At 850 metres above sea level, and located in the Serrania de Ronda, Cartajima is one of the most beautiful corners of the province of Malaga. Sunsets where the colours of the sky mix with the vegetation of the Genal Valley are a natural spectacle you will not forget. In this village you will also see the way the traces of the Arab past, with its winding streets and whitewashed houses, are interspersed with the style of the eighteenth-century buildings.
NOT TO MISS IN CARTAJIMA
The town of Cartajima boasts archaeological sites from different ages. The remains of the Roman baths of Cañada del Harife and the necropolis of Cortijo del Ratón are well preserved. From the medieval period, we can see the castle and the ancient towns of Casapalma y Cartabón. From the Al-Andalus period, we recommend the Fuente de los Peces, of Moorish origin, located on the Arroyo Blanco path.
In the locality, the church of Our Lady of the Rosary is one of the most remarkable buildings. Built in the sixteenth century, the temple is located in the highest part of town, opposite the Town Hall. Inside, it houses the images of the Virgen del Rosario, Saint Joseph, and the Baby Jesus.
The 110-kilometre journey from Málaga to Cartajima and Malaga takes about 1 hour and 30 minutes by car.We recommend you take the A-7 Mediterranean Motorway to San Pedro de Alcántara. Then you have to continue on the A-397 towards Ronda, taking the MA-730 to get to Cartajima.
Cartajima is the highest town in the Serranía de Ronda. It is located above the forests of chestnut trees, holm oaks and cok oaks of Alto del Genal, and at the foot of the white mountains of the Sierra del Oreganal range. If you like active tourism and nature, unique natural sites are to be found in this town.
Riscos de Cartajima is the most important karstic complex of the province, after Torcal de Antequera. The curiously shaped limestone rocks have led to the creation and the narration of legends over the centuries. Caves, such as Carrión, Ronda, Umbría, Miguela and Charcón Bajo, and the chasms of Canailla Lobo and El Cepo complete Cartajima"s offering to nature lovers.
One of the best times of the year to visit Cartajima is Holy Week, when the "Feast of Courtesy" takes place. On Holy Saturday, you will find that the residents have left the town to gather branches and poplar. A basket is built with the branches, in which the image of the Baby Jesus is placed until the next day. On Easter Sunday, there is a procession in which the Virgin of the Rosary goes in search of the Child Jesus. The same evening Judas is hanged and burnt.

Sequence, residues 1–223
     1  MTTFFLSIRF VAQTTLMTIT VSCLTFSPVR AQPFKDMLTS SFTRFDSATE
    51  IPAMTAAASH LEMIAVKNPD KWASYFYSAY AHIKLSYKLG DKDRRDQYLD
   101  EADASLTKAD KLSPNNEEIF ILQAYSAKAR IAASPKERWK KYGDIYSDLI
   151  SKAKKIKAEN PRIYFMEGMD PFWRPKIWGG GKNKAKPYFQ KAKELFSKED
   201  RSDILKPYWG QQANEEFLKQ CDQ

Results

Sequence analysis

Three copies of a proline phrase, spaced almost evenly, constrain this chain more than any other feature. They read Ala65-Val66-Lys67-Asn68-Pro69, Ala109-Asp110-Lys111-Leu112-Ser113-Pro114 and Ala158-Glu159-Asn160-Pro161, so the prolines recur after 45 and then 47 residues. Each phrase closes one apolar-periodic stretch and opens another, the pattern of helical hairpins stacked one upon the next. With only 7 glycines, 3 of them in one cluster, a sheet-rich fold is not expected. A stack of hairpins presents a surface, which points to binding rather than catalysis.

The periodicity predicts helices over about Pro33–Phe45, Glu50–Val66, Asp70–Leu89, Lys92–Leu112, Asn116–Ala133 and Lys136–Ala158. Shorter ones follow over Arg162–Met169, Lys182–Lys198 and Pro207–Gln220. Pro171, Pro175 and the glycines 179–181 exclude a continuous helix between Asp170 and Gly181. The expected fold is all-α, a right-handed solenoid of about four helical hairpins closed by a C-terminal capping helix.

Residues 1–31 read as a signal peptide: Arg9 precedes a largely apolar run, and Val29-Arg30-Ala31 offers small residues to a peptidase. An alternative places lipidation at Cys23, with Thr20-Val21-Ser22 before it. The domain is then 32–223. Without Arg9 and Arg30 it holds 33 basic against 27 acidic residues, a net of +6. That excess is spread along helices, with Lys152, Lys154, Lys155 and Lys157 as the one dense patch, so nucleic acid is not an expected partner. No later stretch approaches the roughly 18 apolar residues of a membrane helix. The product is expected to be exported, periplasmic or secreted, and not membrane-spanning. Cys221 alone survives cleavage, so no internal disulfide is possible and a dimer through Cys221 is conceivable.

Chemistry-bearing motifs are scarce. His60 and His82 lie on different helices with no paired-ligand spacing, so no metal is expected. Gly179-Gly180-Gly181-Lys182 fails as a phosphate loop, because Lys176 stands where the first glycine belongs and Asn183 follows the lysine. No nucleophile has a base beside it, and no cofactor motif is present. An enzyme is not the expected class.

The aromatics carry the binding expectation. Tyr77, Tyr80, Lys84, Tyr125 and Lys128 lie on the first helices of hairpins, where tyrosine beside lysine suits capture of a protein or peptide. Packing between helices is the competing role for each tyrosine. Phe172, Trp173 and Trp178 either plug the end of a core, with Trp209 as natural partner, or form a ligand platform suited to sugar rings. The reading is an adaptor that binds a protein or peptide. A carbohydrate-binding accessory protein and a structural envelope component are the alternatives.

Festivities in honor of the Virgin of the Rosary are held in August. In addition to dances and a traditional celebration called a verbena, Cartajima is waiting for you with cultural activities, theatre performances and competitions.
We also recommend rural pilgrimage of the Baby Jesus in May, the Tostón Festival on All Saints' Day, and the Mosto Festival in November.
As we approach the kitchens of Cartajima, we will discover that it stands out for its tradition and its excellent combination of seasonal products. Vegetables and fruit grown in the Genal valley are indispensable in any local dish. We recommend trying the dishes with wild herbs or rabbit, fried mushrooms, olla serrana, migas (a simple and exquisite dish combining bread, garlic, peppers and cured meats, among other ingredients), soups, bread and garlic or gazpacho (a tomato soup, served cold or hot depending on the season). The sweets, of Arab heritage, include baked doughnuts and the chestnut tostaeras, made with cinnamon, sugar, anise and coffee.
The name "Cartajima" is Arabic in origin: "Al-Z"jaima", the highest place. The earliest documents where this little village is mentioned belong to the Christian period. It appears as "Xaritalxime", which then morphed into "Cartaxima" and "Cartajima".
During the Napoleonic Wars, the local population resisted the French invasion fiercely. One of their bravest leaders, Andrés García, planned an attack against the governor of Ronda, who died when taking a walk by the Tajo (gorge) with his escort.
Cartajima was granted the village charter by King Ferdinand VII in 1814. In the nineteenth century, the local economy blossomed, power-driven by iron mining. (Today, the mines are no longer active.) A cannon factory was established that earned the village the nickname "Little Cádiz".
Just like the other towns in the Valle del Genal, Cartajima's cuisine stands out for its tradition and excellent combination of its seasonal products. We should especially mention vegetable products that are essential in any Cartajimeño dish.
We recommend trying the stews with wild herbs or rabbit, fried mushrooms, Serrano pots, migas, bread and garlic soups or gazpacho, that you can eat either hot or cold depending on the season.
Among its sweets of Arab heritage, the baked doughnuts and chestnut tostaeras stand out, made with cinnamon, sugar, anise and coffee.
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